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Hawaii’s Class of 2020 graduates to confront grim job prospects during coronavirus pandemic, UHERO says

As graduation nears, Hawaii college and high school seniors might face a slim chance of landing a job during the COVID-19 pandemic, according to the University of Hawaii Economic Research Organization.

UHERO reported that finding a job this year with unemployment in Hawaii hovering around 30% will be a daunting task.

More than 14,000 high school students and nearly 5,000 students with a bachelor’s degree from the University of Hawaii will be graduating. One student from UH said he is worried about his future.

Raiyan Rafid, a senior, said it’s going to be tough to find a job after he graduates this semester with a bachelor’s degree in psychology.

“Especially for international students, because they only have so little time to figure things out and find a job,” said Rafid, who is from Bangladesh.

His plan was to work at UH once he graduates. However, the coronavirus pandemic has made it difficult for him to contact the immigration office. Rafid, who is on a student visa, fears that if he doesn’t find a job within three months after he graduates, he will be forced to go home.

“The worst part of this pandemic is that some people can’t afford to go through the uncertainty,” he said.

UHERO compared the effects of the coronavirus with past economic slumps — the Great Recession and the polio pandemic — that economically affected young adults.

According to Jesse Rothstein, professor of public policy and economics at the University of California, Berkeley, job openings were at least 20% below their pre-recession peak for nearly five years. Adults age 20 to 25 who were neither working nor in school increased by nearly half.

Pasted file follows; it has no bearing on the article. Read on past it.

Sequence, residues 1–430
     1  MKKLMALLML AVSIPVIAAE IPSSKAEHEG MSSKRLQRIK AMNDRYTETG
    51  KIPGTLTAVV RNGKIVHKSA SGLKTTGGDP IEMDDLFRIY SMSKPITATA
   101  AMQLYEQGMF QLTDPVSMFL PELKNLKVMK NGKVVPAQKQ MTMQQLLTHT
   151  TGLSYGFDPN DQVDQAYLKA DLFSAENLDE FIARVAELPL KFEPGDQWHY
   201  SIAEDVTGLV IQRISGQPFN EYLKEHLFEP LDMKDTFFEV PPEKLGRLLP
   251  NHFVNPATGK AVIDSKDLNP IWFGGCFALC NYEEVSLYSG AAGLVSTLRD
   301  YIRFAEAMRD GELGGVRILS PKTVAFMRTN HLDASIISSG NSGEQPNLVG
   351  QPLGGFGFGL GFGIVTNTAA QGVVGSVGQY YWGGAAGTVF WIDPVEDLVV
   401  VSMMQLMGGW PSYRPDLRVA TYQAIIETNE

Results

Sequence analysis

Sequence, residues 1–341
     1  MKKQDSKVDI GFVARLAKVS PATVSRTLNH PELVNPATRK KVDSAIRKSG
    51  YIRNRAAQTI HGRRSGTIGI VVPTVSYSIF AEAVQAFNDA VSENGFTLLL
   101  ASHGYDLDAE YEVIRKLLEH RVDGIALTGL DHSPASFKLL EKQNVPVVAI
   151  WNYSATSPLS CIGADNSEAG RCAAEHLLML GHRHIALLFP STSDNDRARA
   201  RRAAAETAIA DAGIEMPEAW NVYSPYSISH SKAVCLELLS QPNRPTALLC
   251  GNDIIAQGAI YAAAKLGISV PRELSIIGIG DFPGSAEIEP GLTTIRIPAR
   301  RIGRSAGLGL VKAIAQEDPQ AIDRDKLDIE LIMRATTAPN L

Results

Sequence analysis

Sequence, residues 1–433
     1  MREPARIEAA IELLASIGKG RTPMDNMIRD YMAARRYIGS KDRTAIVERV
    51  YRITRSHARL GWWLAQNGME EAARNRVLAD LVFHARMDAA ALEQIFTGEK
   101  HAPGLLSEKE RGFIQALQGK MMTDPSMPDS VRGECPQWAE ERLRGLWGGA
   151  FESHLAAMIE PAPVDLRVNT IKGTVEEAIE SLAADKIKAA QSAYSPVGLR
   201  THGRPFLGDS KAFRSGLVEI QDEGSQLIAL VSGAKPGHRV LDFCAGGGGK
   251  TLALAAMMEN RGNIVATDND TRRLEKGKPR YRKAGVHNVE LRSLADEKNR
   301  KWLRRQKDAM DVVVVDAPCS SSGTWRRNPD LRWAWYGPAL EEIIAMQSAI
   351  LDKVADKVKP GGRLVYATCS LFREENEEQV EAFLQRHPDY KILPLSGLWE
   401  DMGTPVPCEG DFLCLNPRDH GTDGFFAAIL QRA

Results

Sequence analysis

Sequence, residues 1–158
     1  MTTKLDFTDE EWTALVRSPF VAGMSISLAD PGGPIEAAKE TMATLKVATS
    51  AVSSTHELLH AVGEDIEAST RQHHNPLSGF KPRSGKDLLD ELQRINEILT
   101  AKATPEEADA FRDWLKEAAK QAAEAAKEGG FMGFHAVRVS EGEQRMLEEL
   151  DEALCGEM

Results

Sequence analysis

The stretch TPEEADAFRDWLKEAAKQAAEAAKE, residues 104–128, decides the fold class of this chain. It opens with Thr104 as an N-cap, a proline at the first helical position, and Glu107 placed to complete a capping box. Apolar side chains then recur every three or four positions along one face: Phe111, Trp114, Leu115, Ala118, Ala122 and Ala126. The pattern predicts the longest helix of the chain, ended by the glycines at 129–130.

In 1916 the polio pandemic hit the U.S. with 23,000 cases and forced schools to close and put a quarantine in place. The National Bureau of Economic Research reported that many high school students close to graduation did not return to school when they reopened. According to their analysis from the 1940 U.S. census, these students, who were 38 to 41 years old, completed fewer years of education than those who preceded or followed them.

“It would be a great tragedy if students from the Class of 2020 were left to drift around for a couple years and to have their knowledge and skill deteriorate,” the UHERO report said. “Next year there will be another crop of graduates pushing them from behind and another crop one year later. Those students will be more recently trained and likely to be preferred by employers.”

For assisting the 2020 graduates, the report suggested Hawaii Promise — the “last dollar” scholarship — as a program to pay the students’ remaining balances once funds are exhausted from federal awards such as Pell Grants and other scholarships.

Since 2017 the scholarship program has been available only to University of Hawaii community colleges and has served about 1,500 community college students. The average award was $1,200.

But Gov. David Ige and state lawmakers were pushing for House Bill 2250, which would extend Hawaii Promise to four-year students. It is unclear what the status of the bill is as the state Legislature reconvened Monday after about two months of recess.

The bill would make the Hawaii Promise available to UH students pursuing a bachelor’s degree in teaching, health care, social work or engineering, and committing to work in Hawaii for at least three years.

“If the Legislature are not prioritizing such things as Hawaii Promise, the next generation is in big trouble,” Rafid said. “They have to decide to go to school or work somewhere where they came make something of themselves.”

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